4) Unpredictability — the Least Trustworthy Tactic for Scary, Unstable Times. 

Learning on the job to be president (or presidential) recalls the wildly unqualified Dubya. Trump rashly touts unpredictability (laughable, as he doesn’t even know political norms). So, does “winning” happen after disrupting friends and rivals alike with reckless shock and awe. Will Trump be more or less unpredictable than brutal terrorists who openly ambush civilians?  One can’t wait for the revealingly “unpredictable” Republican convention, if not VP choice.

Secrecy and planning matter, but Trump “unpredictability” so far comes down to talking up torture, bombing the crap out of ISIS (meaning?) or their families (a war crime) — let alone pre-emptive nukes. When everything is on the complex, global table, and winners crudely take all, dreadful unintended consequences loom. Would “unpredictability” lead to dropping bombs and starting wars so you can brag, like Dubya, you’re a war president?

5) Trump is More Rogue/Authoritarian Isolationist Than Self-financed, anti-Elitist Republican.

Do 50% of GOP voters smell a rat, favoring some other nominee? As Jeb says, he’s barely a Republican and no conservative. What other Republican gratuitously attacks a federal judge on private litigation, treats party skeptics as treasonous enemies, or endorses Putin (and other dictators) as like-minded strongmen? What other Republican stands by less free trade, Birtherism, juvenile name-calling, promoting violence at rallies, or displaying open ignorance of Constitutional law?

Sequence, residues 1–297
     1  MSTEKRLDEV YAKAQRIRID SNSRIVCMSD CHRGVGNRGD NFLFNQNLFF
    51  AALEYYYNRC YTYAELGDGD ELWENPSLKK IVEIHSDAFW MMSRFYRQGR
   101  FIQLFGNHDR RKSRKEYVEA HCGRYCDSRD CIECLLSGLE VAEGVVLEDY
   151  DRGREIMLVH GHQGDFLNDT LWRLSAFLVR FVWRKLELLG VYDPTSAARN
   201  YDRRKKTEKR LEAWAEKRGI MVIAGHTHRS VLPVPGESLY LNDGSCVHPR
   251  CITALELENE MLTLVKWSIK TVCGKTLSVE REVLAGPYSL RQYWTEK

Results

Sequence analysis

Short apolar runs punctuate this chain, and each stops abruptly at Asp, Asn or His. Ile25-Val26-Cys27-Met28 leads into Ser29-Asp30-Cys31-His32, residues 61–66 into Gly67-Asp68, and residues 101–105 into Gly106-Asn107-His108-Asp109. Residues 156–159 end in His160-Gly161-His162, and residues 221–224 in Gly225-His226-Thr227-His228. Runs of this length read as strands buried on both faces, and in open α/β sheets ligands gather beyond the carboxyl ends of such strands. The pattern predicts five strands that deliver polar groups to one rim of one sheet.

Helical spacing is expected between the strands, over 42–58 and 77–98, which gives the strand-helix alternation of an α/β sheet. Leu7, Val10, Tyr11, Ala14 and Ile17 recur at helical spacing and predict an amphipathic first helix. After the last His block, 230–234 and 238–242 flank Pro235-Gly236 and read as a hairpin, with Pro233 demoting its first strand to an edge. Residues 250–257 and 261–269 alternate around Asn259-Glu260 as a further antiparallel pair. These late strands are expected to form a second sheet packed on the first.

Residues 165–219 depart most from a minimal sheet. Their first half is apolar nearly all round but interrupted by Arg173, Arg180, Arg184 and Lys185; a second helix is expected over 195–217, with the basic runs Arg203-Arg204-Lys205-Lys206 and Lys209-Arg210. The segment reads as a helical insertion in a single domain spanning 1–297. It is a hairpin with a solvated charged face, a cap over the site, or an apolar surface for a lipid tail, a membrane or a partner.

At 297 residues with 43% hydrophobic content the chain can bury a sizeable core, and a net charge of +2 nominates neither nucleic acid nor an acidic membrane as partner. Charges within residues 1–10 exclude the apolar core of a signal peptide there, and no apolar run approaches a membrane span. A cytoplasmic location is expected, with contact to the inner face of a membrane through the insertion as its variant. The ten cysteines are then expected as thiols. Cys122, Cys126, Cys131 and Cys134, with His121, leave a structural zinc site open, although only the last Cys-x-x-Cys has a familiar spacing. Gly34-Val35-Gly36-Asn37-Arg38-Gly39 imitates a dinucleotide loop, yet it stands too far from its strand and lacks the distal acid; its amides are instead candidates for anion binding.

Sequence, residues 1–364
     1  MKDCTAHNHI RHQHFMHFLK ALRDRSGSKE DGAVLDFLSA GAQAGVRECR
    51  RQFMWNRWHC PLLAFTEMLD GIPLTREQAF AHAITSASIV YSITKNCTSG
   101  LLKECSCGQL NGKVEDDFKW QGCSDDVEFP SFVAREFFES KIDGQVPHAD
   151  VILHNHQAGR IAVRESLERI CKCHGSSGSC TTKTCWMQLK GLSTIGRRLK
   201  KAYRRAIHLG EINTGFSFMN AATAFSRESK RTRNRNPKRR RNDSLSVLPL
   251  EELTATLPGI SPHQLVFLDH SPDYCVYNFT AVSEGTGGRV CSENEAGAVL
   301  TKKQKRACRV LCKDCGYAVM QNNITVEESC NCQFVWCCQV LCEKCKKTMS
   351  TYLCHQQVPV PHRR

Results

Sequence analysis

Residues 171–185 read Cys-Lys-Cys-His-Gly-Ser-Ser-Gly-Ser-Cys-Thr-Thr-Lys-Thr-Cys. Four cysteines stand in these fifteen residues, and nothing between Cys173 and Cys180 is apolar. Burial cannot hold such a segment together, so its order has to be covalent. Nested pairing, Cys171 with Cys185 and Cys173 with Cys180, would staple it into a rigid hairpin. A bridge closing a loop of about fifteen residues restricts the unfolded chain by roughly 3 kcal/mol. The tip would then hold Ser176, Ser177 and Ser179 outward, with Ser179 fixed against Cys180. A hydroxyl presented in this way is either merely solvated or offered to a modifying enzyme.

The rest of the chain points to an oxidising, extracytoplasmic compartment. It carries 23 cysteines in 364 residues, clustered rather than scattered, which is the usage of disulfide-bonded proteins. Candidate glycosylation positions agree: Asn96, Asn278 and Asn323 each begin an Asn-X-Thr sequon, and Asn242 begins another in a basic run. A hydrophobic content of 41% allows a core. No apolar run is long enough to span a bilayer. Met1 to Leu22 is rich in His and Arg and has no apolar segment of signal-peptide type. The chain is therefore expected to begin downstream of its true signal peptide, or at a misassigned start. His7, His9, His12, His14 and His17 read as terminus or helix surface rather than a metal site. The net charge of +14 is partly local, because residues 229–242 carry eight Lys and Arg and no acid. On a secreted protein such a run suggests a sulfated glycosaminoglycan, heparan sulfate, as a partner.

Where’s the penalty for this hypocritical contradiction: the great, self-financed primary hero desperately begs billionaire buddies for enough scratch to compete? And how long before this other lingering contradiction exposes hucksterism: bragging about transparency, honesty and straight-dealing while refusing to reveal tax returns, like all others?